Although the players should be encouraged to have their characters use stealth, ambushes, and other tactics to avoid direct confrontations, as well as being ready to dive for cover, the Referee is provided numerous optional rules which push WWII: Operation Whitebox towards a cinematic style of play. These include Advanced Attribute Bonuses; ‘Heroic’ and ‘Inglorious’ levels of play which increase the characters’ Hit Points; a ‘Gut Check’ for when a character needs to succeed by sheer force of will; and criticals and fumbles. There is even an optional ‘Trial by Fire’ set-up for teaching the rules that drops the player characters into the middle of a larger scale battle.

Besides equipment lists that include vehicles and covert gear, WWII: Operation Whitebox comes with rules for both vehicle and mass combat. Neither though are the focus of the game. Certainly the player characters will be encountering and battling vehicles, but they are not going to be driving them into battle on a regular basis, and really, the somewhat abstract mass combat rules are there to determine the results of events that are going on around the player characters rather than ones they are directly controlling.

In terms of background, WWII: Operation Whitebox provides both player and Referee with a good overview and introduction to the conflict without getting mired into too much detail. For a history buff it will probably be a bit basic, but it is a good start, and anyway, not everyone is necessarily going to know this. It does cover the the darker aspects of World War II too, the Holocaust, on the dehumanising effect of the war, Hitler’s commando order, though the latter is the more likely to come into play. Two timelines are provided. One covers the length of the war, the other special forces operations, from Operation Collar in June, 1940 to Operation Varsity in March, 1945. This accompanies the descriptions of the special forces and the resistance forces fighting in the European theatre of operations. This is a good list and includes German special forces should the Referee want his player characters to face similar opposition. There is also a suggestion that a game could be played with the player characters as members of the German special forces. It suggests that such an option may not be to everyone’s taste which is undoubtedly true. Although it is a possibility, as a suggestion it would have better if it had been bumped to a sidebar where the author could have better denounced as an option he would not condone. Especially as he states that there are no greater villains than the Nazis.

Various types of operations and missions and what they involve are discussed as possible styles of play, including going on leave or playing as the cre of a vehicle. There is good advice for the Referee on how to run the game, who receives further support in a good list of foes and a bestiary as well as an introductory mission, ‘Resistance at the Ponteville Bridge’. It is a mini-sandbox in which the team has to conduct a support mission alongside the main mission, having to parachute into France and blow up a bridge. How the team does it is up to the players, but there is plenty for the Referee to throw in their characters’ way. It should provide a couple of good sessions worth of play. In addition, there is also a lengthy example of play which nicely showcases how the game is designed to play.

In the long term, surviving player characters are likely to get promoted and posted away from field operations, hence the Level Five cap on progression. Getting there is not a measure of finding treasure, but killing the enemy, achieving objectives, and taking advantage of ‘Targets of Opportunity’, side missions which will benefit the war effort. Beyond WWII: Operation Whitebox, there are suggestion on how to take into alternate history, mixing it up with Science Fiction or fantasy. This is not too difficult since it is compatible with both Swords & Wizardry and Barrel Rider Games’ White Star: White Box Science Fiction Roleplaying. Three mini settings are included at the end the book in are essentially three appendices. The first is ‘Nazi Superscience’, which pushes WWII: Operation Whitebox into the Pulp genre with weird-science gear and Nazi super-science monsters. The second is ‘Nazi Occult’, which mixes World War II with magic. It draws heavily on Dungeons & Dragons for its inspiration and is really only what you would expect. The last is ‘Galaxy War 1939 - Space Operations Executive’, which builds on the idea that space travel was discovered in the early 1920s and mankind has spread to the stars via rails which run between star systems where strange aliens have been found. This is the most interesting of three mini-settings and of the three, is the one that begs to be developed.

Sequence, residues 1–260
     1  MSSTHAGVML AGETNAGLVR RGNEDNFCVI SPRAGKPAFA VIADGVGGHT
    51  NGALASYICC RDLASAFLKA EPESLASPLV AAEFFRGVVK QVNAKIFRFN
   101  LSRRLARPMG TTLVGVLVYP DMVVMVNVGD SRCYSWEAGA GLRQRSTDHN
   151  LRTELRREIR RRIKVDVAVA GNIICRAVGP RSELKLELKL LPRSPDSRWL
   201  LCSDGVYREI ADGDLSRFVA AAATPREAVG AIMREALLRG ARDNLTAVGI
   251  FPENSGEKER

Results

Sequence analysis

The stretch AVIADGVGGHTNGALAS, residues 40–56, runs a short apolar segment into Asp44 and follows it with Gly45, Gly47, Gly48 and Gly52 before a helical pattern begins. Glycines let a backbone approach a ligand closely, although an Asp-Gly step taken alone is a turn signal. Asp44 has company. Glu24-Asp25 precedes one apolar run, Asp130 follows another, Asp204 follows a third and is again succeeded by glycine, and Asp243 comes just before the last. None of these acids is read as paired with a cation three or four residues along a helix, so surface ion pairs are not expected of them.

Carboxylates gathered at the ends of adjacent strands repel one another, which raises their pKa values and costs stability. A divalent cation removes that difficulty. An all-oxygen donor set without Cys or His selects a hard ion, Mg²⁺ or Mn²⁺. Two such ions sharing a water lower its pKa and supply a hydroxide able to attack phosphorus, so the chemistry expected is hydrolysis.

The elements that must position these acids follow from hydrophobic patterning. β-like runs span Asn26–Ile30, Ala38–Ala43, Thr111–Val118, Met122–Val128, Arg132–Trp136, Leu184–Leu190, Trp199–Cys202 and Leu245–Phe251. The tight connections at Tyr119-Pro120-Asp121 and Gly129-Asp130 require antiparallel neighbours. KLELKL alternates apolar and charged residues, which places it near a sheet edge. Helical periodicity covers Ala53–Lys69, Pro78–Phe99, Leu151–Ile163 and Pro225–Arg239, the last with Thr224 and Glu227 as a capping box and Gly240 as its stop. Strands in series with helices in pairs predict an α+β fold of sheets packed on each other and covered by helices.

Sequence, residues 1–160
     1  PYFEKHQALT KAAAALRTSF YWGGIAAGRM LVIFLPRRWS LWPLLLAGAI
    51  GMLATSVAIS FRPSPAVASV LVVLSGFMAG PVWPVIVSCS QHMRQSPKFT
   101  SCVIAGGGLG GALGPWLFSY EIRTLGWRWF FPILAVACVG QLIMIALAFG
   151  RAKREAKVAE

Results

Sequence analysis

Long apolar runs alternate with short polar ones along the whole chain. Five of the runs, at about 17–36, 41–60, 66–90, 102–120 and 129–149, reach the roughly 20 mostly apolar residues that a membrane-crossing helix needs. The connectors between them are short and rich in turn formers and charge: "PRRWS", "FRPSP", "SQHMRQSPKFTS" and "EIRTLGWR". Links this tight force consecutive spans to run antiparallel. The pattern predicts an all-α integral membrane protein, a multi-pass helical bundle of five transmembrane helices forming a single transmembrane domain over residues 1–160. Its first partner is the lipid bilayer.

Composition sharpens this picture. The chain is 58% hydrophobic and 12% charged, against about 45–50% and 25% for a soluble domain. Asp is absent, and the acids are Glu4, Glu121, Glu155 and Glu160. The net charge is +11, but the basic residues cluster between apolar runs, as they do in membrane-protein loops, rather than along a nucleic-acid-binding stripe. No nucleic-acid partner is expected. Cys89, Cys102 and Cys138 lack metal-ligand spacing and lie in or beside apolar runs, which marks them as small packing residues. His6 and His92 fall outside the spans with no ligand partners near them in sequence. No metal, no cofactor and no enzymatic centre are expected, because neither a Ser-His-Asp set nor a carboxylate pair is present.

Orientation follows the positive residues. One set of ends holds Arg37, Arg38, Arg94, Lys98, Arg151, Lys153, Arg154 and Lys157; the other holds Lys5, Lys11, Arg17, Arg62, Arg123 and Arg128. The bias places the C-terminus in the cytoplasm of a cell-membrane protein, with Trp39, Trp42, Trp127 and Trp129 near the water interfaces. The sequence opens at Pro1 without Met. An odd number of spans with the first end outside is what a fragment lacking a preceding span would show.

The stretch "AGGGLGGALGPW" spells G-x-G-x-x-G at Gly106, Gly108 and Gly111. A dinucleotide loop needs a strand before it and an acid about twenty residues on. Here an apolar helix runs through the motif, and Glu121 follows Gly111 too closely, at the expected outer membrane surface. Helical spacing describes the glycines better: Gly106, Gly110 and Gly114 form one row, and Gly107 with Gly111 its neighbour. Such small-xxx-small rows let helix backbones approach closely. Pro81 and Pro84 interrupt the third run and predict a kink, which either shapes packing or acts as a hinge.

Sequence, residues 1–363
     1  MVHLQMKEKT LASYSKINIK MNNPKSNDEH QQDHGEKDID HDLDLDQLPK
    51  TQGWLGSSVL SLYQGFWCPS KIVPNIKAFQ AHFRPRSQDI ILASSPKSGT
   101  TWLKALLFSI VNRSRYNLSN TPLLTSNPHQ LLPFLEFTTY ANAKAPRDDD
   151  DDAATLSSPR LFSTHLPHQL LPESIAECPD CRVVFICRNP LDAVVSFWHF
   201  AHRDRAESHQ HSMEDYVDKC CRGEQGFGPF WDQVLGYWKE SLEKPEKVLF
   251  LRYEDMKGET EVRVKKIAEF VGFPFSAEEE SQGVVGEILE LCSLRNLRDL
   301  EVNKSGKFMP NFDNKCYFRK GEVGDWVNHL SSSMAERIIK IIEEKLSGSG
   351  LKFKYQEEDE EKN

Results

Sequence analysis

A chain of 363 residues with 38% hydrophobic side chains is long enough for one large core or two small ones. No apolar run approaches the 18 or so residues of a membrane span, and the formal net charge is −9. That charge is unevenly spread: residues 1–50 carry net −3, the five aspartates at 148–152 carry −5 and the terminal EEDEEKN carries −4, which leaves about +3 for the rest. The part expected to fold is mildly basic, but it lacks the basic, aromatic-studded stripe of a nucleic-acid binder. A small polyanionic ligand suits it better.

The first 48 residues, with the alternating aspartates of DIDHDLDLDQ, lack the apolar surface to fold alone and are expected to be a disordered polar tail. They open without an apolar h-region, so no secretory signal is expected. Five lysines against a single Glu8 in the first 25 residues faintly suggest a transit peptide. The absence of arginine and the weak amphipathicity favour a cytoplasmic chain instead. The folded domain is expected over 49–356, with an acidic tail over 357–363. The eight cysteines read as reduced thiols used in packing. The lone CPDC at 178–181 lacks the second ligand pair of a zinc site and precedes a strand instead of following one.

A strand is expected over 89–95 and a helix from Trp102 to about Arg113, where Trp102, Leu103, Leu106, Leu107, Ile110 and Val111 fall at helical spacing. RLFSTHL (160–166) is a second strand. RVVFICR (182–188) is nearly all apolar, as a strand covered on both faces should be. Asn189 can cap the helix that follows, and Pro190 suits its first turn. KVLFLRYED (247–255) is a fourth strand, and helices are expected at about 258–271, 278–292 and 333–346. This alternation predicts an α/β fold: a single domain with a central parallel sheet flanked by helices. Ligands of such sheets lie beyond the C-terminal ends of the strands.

Physically, WWII: Operation Whitebox is a sturdy hardback. Behind its very nicely done full colour cover, it is well written, tidily presented, and an engaging read. It is only lightly illustrated, but the artwork is decent, if a little cartoonish in places. The one real problem with book is that some subject matters could have been handled with a little more delicacy than they are in its pages. The probably unpalatable possibility of playing German special forces characters has already been mentioned, but the examples of NPCs who could have the same Classes as the player characters could have been given a more diverse mix of examples. That said, the inclusion of women and female characters was well handled and says much in the designer’s favour. A bibliography would have been nice, but there are so many books, movies, and documentaries on the period, that the Referee is spoilt for choice.

WWII: Operation Whitebox is a solid, well done treatment of its subject, taking the underlying aspects of  the ‘special forces’ set-up integral to every Dungeons & Dragons-style of game and applying them to a real world situation where the characters’ roles are just as strong and just as clearly defined. It being a World War II set game, there is also a strong moral compass at the heart of the game too. In fact, the set-up of the game is likely to be more familiar too, since there are more movies about World War II than there are about Dungeons & Dragons-style fantasy. Which all together suggests that WWII: Operation Whitebox would actually work as a decent introductory roleplaying game—at least to play, if not run—though it is really written from first principles.

Overall, WWII: Operation Whitebox is a superbly done treatment of special forces operations in World War II. It is both a solid roleplaying game and a further showcase of just what the Old School Renaissance can do.